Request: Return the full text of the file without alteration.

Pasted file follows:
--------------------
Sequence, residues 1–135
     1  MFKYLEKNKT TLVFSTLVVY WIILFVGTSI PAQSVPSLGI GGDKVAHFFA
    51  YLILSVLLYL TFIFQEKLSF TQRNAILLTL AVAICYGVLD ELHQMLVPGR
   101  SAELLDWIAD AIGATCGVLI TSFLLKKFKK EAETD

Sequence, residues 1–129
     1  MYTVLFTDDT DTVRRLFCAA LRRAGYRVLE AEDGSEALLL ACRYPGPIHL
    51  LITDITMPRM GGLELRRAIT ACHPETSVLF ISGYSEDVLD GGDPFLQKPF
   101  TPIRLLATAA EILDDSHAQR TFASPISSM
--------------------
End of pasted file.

Sequence, residues 1–135
     1  MFKYLEKNKT TLVFSTLVVY WIILFVGTSI PAQSVPSLGI GGDKVAHFFA
    51  YLILSVLLYL TFIFQEKLSF TQRNAILLTL AVAICYGVLD ELHQMLVPGR
   101  SAELLDWIAD AIGATCGVLI TSFLLKKFKK EAETD

Sequence, residues 1–129
     1  MYTVLFTDDT DTVRRLFCAA LRRAGYRVLE AEDGSEALLL ACRYPGPIHL
    51  LITDITMPRM GGLELRRAIT ACHPETSVLF ISGYSEDVLD GGDPFLQKPF
   101  TPIRLLATAA EILDDSHAQR TFASPISSM